I think I’ve been on a minor sourdough craze lately.
The flavour combination in this bread is incredible. The saltiness of the olives, the aroma of the rosemary, and the slight heat of the chili just meld together perfectly to deliver the gustatory equivalent of a wonderful punch to the face.
And the flavours are all encased in a knife-sharp crust, lovingly cultivated by obsessive steaming of the oven.
I had a slight nightmare turning the dough out of the banneton as I didn’t flour the basket well enough.
So I had a minor structural collapse on one side of the bread. D; Nothing a cheeky cut and sneaky angling can’t cover up.
I really encourage you to use Kalamata olives if possible just for the superior taste and colour it brings. And to use the chili even if you’re a wuss to heat like me. I think that each of these components are essential for the flavour profile that this recipe aims for.
I had the bread with some salad and baked chicken and it just made my day. I got the recipe from here, and just reworded it because I thought the original was a little confusing.
- 200g water
- 140g starter (my starter is 100% hydration)
- 368g bread flour
- 1/2 tbsp sea salt
- 3/4 cup pitted Kalamata olives (about 180g drained weight)
- 1 tsp chili flakes
- 1 tbsp chopped fresh rosemary
- Combine the starter with the water and mix. Add flour until the dough comes together. Leave for 20 mins.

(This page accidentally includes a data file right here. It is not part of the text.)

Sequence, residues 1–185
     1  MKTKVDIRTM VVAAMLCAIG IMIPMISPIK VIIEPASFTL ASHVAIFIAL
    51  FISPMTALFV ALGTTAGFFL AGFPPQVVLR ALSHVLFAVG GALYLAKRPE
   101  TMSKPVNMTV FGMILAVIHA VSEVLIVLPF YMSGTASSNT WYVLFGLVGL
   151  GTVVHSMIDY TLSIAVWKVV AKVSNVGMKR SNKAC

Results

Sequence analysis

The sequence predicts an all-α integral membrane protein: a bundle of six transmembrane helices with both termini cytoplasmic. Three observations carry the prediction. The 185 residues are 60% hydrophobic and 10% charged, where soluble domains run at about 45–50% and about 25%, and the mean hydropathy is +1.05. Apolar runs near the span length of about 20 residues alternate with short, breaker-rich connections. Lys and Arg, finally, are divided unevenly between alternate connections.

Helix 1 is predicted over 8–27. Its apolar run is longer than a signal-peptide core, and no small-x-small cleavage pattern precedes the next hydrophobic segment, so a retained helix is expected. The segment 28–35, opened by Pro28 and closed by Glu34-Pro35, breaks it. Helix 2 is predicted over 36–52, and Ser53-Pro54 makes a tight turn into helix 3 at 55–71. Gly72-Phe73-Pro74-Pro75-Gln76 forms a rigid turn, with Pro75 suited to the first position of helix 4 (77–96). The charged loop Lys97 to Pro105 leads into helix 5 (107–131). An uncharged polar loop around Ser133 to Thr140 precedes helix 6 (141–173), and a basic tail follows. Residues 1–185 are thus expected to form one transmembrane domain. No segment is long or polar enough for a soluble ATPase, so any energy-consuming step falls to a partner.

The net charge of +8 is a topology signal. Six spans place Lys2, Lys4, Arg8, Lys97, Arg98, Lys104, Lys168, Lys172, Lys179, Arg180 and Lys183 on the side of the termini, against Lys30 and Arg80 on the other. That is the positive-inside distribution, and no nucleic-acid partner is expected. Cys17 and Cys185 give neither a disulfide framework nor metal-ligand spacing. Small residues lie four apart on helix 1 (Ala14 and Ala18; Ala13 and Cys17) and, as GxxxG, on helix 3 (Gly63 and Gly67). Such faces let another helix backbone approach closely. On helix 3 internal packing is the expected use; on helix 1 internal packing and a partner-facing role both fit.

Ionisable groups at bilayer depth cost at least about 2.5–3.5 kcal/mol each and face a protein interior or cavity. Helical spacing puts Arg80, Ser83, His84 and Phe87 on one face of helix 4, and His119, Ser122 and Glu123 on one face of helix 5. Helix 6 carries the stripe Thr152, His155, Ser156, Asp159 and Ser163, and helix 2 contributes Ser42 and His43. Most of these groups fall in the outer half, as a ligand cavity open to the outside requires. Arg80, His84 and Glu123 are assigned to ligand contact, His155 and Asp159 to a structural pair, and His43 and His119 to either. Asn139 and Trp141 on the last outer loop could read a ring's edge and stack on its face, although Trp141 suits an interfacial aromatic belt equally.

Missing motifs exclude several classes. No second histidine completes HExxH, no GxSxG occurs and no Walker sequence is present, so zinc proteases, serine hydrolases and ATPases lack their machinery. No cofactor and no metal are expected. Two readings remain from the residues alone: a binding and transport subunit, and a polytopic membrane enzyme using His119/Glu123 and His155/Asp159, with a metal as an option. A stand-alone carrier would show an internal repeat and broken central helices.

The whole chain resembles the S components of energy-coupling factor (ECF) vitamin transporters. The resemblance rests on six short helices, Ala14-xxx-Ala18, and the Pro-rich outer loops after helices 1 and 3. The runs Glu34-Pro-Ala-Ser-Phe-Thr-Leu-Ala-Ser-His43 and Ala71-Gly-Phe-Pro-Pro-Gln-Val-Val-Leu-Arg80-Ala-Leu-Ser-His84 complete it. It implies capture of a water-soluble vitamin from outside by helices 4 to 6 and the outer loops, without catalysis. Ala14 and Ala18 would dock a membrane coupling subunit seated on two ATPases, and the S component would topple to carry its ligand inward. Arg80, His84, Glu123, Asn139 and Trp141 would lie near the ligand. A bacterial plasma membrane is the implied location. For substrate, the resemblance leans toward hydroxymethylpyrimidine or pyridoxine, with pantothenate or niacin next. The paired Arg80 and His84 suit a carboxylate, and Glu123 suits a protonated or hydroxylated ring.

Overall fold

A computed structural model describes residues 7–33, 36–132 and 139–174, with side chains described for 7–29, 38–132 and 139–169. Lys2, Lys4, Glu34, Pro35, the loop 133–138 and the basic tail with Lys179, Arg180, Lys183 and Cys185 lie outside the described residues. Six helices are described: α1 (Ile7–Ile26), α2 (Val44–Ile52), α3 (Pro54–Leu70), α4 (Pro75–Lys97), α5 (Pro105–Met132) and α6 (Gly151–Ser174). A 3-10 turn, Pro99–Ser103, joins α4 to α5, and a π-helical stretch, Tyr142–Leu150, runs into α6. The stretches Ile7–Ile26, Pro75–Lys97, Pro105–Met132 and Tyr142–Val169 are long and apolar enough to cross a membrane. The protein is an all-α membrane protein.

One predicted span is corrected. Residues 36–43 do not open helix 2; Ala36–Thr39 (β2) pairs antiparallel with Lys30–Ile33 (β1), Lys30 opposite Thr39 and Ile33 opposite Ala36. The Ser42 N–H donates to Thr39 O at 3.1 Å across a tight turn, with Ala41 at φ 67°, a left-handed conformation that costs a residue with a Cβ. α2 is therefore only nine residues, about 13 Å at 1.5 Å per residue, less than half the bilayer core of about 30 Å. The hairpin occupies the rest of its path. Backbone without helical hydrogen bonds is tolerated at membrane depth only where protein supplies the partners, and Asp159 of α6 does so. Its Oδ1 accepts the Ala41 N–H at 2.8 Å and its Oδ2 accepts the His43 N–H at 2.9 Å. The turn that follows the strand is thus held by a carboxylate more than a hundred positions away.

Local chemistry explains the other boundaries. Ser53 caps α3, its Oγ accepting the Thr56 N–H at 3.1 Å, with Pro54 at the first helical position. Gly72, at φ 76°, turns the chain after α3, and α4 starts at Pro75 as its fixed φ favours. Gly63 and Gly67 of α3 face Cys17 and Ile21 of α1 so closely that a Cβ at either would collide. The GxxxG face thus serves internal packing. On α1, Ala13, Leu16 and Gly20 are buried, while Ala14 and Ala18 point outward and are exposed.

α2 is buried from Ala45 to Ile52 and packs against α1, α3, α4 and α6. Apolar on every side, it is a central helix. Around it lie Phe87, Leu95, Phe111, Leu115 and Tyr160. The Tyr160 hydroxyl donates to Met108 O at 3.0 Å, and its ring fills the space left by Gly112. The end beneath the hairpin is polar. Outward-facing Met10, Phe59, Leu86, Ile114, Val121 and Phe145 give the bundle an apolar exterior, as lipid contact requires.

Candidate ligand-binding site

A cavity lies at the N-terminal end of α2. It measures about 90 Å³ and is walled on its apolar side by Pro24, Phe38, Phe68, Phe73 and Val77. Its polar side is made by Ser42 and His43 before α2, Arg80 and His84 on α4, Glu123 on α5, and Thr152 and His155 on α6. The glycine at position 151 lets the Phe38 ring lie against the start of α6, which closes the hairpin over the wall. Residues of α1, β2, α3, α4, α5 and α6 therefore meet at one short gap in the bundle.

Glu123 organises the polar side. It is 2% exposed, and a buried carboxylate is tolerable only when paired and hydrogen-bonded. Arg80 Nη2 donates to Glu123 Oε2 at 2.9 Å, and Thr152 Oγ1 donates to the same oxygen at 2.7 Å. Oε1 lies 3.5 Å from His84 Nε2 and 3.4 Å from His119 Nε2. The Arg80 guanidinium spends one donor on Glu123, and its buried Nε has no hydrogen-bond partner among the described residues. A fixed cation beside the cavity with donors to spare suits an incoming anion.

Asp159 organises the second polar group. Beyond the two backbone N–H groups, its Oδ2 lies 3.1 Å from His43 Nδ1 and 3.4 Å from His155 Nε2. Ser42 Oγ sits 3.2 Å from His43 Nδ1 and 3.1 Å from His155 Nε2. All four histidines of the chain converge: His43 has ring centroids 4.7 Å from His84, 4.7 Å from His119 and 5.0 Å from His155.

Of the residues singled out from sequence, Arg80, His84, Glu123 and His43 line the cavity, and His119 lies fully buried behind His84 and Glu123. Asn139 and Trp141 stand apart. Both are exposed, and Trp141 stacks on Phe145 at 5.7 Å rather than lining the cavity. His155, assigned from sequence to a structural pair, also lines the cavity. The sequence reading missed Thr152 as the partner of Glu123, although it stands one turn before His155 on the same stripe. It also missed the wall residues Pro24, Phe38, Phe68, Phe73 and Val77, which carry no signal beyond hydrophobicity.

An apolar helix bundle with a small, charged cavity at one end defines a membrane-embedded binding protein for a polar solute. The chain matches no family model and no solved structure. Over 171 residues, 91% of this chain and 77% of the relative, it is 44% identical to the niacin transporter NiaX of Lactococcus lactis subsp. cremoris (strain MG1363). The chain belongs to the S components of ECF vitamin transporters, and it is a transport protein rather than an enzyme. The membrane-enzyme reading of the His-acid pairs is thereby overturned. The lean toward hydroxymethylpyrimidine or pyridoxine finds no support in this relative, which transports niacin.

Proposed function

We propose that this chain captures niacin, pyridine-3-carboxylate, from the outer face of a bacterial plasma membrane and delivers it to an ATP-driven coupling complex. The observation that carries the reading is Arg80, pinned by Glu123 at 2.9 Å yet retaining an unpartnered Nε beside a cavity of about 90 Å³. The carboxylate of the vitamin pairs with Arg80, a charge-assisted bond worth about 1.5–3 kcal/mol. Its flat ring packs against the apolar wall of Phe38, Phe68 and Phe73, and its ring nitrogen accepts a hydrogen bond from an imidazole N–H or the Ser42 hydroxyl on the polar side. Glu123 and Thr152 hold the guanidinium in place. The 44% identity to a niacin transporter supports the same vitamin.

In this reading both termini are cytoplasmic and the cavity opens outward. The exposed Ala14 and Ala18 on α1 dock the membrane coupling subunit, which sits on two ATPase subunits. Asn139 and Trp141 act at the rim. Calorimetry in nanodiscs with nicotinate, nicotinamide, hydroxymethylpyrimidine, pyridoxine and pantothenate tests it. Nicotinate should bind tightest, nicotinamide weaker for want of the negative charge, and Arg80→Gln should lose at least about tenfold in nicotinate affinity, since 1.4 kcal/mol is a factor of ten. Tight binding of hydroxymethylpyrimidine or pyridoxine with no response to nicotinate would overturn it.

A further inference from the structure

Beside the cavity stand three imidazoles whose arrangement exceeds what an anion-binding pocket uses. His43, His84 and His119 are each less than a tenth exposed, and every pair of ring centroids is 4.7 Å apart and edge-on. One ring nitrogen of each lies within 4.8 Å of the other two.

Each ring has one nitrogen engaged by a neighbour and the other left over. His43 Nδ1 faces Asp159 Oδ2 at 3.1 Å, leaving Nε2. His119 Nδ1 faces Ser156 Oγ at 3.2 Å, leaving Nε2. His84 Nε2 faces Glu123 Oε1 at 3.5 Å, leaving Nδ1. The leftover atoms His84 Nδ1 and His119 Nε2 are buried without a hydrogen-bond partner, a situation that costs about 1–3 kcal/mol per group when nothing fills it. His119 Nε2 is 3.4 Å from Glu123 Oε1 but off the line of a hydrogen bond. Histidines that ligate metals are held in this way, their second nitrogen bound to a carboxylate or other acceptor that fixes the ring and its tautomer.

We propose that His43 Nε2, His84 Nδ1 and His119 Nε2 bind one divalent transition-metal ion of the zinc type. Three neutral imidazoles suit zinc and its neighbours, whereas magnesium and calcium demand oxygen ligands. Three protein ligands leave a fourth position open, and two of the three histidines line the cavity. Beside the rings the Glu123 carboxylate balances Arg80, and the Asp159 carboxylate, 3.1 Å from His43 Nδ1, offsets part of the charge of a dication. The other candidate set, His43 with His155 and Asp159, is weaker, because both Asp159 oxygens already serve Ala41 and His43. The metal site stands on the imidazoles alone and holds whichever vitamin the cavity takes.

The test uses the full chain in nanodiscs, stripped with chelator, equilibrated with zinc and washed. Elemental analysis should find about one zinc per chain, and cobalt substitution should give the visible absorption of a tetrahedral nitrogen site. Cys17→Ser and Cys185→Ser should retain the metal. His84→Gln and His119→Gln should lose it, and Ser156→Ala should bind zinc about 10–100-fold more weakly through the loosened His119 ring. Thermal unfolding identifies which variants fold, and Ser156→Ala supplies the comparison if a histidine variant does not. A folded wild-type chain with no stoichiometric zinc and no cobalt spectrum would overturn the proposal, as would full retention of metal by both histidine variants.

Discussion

- Add salt. Mix until the dough comes away from the side of the bowl. Add in the remaining ingredients.
- Cover dough and leave until not quite doubled in size (about 4 hours).
- Shape the dough and put it in your banneton, if using. Leave until doubled in size (about 8 hours).
- Heat your oven to 230°C and fill a tray at the bottom of the oven with water (this is to create steam, which is what makes your crust crispy).
- Tip your dough out onto a lined baking tray and score the dough. Put the dough in the oven, and spray mist into the oven using a spray bottle.
- After 3 mins, open the oven and spray mist. 3 more mins after that, repeat misting. Then leave the bread in the oven for 10 mins. (So basically mist at 0, 3, and 6 mins).
- After 16 mins total baking time, lower the temperature to 200°C and leave for 30 mins or until the bread is golden brown and sounds hollow when you tap the bottom.
- 100% hydration just means my starter is equal parts flour and water by weight.
- I didn’t score my dough (cut lines into the top of the bread, examples here and here) because there were already so many tears in the top from my mishap with flouring the banneton. Feel free to score the dough though.
- The original recipe suggests doing the second rise in the refrigerator overnight. I have done this before, and it does result in a stronger flavour in the end product. I didn’t do it this time simply because it didn’t fit my schedule.
- I thought the recipe could do with a stronger rosemary flavour. Not sure if it was because my rosemary wasn’t strong or if I sucked at measuring out 1 tbsp of rosemary (I just really don’t know how to measure tablespoons for things like this), but I’d probably up the rosemary ante next time, mmmmmm.